Day of Remembrance Needed for Lynching Victims
Last March, I attended a talk by Patricia Hilliard-Nunn at the Matheson History Museum about the August 19, 1916, lynchings in an oak grove near the center of Newberry. I learned that a black man, Boisy Long, was accused of stealing hogs, and was blamed for shooting two white men in the dispute.
Long was ultimately arrested, tried and executed, but in the lawless search preceding his arrest, angry mobs of infuriated white people captured six other black people — four men and two women. The whites shot one of these men, James Dennis, and strung up the five other people by the neck in that oak grove. The Rev. Josh Baskins, Bert Dennis, Mary Dennis, Andrew McHenry and Stella Long died by hanging.
Hilliard-Nunn maintained a calm, open-hearted demeanor as she shared one devastating fact after another about this lynching in particular, and lynchings in general. She included historical data on the incidence of lynchings nationwide, and the fact that Florida had the highest per capita rate of lynchings in the country prior to 1949. She shared historical photographs of Newberry, including one of a large group of whites — men, women and children — standing over the bodies of the black victims.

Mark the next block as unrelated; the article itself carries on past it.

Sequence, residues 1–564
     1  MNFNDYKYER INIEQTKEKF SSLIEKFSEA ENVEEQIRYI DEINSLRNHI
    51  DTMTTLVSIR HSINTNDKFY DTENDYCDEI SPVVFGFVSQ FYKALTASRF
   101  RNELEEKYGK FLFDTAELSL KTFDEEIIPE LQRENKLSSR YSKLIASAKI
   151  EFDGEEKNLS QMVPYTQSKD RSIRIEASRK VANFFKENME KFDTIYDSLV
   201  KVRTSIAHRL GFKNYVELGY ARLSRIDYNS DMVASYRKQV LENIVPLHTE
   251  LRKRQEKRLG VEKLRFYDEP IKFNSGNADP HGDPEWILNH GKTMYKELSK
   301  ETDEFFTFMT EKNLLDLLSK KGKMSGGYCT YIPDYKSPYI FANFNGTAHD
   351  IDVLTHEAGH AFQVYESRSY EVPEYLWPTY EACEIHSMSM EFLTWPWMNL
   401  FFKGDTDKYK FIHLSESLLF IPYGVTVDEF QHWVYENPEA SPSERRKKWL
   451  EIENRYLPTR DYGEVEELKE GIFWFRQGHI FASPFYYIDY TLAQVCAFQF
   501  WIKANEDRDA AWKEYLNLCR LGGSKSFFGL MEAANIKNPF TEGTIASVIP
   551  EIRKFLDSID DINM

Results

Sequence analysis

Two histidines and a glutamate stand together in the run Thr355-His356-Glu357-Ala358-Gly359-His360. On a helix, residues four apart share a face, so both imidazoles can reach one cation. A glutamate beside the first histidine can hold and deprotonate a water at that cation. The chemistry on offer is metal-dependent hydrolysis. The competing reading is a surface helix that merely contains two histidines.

What made me start to cry? Maybe it was the sheer accumulation of horror. Maybe it was the two black children sitting toward the front of the room with their father, who would live with these facts now, who might worry that this atrocity could happen again, who might worry they or their families would be victims, too.
Maybe it was the old white couple sitting next to them, who had to live with these facts now, too, who might also worry that this atrocity could happen again, who might worry they would be a part of it.
Maybe I was crying for my white ancestors, who may have cheered this 1916 lynching on, or who may have stood by, appalled.